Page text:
tubing-in-VangVieng

Photo credit: onestep4ward.com

We watched the festivities whilst knocking back free whiskey shots and chasing them with some refreshing Beer Lao. As other party-goers started climbing into inflatable rings and setting off down the river we became restless and eager to join them. Being ringless, we waded into the river and edged our way along the bank and down stream. The water was cool and welcoming. The centre flowed fast and the current tugged on our legs as we made our way to the next bar.

We arrived and were immediately given another free shot. We sipped more beer, danced, and played volleyball in a field of mud. More whiskey, more beer. We jumped into pools of muddy water and laughed with other travellers. Vang Vieng was a pit-stop in the centre of Laos, an oasis that young people used as a place to blow off steam during their travels.

Eventually, we decided to move on to the next bar and made our way down to the river bank. Down stream we could see another bamboo bar overhanging the river, only this time it was on the opposite bank. We would have to cross the river to get to it. With no tube to help us, we decided to swim.

We waded out as far as possible and then dived into the current. The river was more powerful than I realised and immediately started to pull me down stream. I adjusted the angle of my body and tried to swim straight across in the hope that I would end up at the bar down river.

I now began to realise that alcohol doesn’t mix well with swimming. My technique was off and I was struggling to make progress. The river battered me constantly and I started to worry that I wouldn’t make it. Panic set in. I furiously battled against the current. Water splashed over my face and I struggled for breath. Mercifully, I heard an unnatural splash to my right and reached over to grab a rope that had been thrown from the shore.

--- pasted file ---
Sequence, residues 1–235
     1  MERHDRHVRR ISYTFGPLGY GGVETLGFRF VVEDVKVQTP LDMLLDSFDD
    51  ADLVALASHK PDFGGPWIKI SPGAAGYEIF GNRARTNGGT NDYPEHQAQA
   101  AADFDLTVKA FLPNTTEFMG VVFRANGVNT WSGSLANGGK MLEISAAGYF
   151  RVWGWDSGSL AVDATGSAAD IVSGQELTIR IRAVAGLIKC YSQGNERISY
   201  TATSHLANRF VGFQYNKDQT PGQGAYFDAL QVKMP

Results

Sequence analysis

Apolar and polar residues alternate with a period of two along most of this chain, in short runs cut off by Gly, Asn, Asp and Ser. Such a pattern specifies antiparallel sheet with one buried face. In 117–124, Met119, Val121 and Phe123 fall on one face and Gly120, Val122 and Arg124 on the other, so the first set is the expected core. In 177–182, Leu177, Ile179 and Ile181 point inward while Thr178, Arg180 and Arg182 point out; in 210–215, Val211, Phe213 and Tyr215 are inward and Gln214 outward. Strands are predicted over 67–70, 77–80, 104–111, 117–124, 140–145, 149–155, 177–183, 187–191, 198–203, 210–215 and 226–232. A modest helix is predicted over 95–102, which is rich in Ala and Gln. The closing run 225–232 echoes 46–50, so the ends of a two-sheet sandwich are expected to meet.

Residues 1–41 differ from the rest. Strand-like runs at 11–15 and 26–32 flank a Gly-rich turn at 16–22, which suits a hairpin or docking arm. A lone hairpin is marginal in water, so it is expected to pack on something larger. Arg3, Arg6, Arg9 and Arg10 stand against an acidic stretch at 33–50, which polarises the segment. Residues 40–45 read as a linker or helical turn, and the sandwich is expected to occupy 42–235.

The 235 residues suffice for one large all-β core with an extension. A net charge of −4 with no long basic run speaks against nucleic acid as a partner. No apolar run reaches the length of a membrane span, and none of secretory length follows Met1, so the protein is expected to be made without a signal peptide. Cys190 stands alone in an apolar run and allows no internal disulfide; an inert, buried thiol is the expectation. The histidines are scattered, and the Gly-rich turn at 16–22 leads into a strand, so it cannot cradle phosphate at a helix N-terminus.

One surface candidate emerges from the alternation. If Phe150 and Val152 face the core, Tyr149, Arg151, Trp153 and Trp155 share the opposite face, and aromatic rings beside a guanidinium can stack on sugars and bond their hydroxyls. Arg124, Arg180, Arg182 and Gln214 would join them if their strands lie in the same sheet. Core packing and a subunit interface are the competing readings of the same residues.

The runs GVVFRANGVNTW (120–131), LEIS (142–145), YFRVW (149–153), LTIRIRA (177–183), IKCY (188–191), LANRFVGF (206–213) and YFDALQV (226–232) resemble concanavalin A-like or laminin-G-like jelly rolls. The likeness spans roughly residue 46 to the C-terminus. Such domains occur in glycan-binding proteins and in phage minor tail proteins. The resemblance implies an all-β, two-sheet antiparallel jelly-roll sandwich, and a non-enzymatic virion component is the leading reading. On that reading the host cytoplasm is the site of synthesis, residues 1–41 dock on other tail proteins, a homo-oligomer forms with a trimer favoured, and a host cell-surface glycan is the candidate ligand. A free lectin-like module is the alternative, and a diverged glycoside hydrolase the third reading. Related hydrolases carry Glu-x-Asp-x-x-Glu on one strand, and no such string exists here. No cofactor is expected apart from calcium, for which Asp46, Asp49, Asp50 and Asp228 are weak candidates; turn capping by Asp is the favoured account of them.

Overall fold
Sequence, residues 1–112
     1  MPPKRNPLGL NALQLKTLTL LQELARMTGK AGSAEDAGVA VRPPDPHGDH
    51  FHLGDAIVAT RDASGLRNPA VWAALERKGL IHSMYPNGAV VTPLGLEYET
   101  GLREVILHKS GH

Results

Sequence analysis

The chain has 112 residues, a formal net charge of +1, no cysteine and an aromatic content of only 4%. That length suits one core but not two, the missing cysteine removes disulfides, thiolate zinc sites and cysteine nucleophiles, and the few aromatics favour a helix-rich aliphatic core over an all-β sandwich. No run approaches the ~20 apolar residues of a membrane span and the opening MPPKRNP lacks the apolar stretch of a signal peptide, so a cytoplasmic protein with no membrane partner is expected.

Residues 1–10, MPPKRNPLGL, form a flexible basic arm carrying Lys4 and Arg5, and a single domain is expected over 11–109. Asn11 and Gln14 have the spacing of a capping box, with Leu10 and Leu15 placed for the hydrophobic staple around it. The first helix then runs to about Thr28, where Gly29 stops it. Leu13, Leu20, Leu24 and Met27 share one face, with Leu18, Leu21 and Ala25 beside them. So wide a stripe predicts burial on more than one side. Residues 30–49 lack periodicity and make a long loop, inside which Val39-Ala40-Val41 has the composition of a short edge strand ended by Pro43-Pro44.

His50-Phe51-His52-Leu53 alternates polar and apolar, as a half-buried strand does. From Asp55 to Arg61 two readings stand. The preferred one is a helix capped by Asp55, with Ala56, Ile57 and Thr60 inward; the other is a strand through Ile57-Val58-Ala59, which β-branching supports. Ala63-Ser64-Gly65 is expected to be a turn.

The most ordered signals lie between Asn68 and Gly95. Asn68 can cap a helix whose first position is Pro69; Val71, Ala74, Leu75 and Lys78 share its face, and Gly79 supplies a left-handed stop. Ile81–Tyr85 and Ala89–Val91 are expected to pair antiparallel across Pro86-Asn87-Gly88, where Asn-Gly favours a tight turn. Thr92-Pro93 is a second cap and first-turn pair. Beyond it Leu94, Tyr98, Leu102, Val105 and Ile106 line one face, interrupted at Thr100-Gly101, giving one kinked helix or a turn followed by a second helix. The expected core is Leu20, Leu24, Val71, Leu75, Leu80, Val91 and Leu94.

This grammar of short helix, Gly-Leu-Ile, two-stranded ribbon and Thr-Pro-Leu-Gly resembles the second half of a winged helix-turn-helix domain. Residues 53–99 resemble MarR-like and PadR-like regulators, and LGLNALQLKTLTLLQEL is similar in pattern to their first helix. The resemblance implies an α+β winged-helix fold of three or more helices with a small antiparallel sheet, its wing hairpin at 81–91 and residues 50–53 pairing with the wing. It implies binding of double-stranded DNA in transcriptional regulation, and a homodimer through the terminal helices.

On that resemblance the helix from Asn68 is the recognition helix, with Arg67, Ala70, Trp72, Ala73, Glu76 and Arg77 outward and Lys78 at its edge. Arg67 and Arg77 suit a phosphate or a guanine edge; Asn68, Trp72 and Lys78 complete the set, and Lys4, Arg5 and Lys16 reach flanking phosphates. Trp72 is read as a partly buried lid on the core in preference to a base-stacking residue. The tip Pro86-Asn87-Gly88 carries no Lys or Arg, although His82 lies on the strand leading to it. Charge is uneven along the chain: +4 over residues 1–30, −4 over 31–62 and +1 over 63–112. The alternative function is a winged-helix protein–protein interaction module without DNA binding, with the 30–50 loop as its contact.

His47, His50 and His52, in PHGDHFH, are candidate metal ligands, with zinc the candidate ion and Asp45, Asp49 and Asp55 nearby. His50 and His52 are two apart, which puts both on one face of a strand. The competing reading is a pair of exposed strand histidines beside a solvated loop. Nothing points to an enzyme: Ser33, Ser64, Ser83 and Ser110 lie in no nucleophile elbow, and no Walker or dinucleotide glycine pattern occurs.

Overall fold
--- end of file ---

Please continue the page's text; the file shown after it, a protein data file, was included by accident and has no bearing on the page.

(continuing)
They pulled me in and I sat, thankful and breathless, on the steps to the bar.

After that, I was more considered in my approach to drinking and had some water in between beers. We partied on for another few hours and visited several more bars. Other travellers kindly let me hang on to their rings like a drunken stowaway and I made it back to terra firma without drowning.

I’ve since heard that Vang Vieng has been forced to change after so many people died, mostly because they drank too much and passed out in the river. I can absolutely sympathise. Everybody is entitled to have fun on their travels and it is incredibly easy to have one too many and get out of control. I had an amazing time in Vang Vieng but I don’t think anything is worth risking your life over. At the risk of sounding like a saccharine christmas movie: have fun, be safe, keep travelling.

The Call to Adventure | England

When looking for inspiration, what better muse than the great outdoors? I had recently finished reading A Walk in the Woods when I decided it would be as good a time as any to go on an adventure of my own. If it’s good enough for Bill Bryson, it’s good enough for me. However, I am not what one would call a woodsman. I once had a panic attack in Essex because I had no phone signal. Ray Mears I am not.

It was with this in mind that I decided I would start off with a conservative goal of walking 50 miles. After all, Bryson walked 2,200 miles on the Appalachian Trail. Compared to that, 50 miles seemed a doddle.

Bright eyed and full of a heady mixture of enthusiasm and porridge, I gathered my things and had a friend drop me roughly 50 miles away from home in the direction that looked the most green on Google Maps.

SONY DSC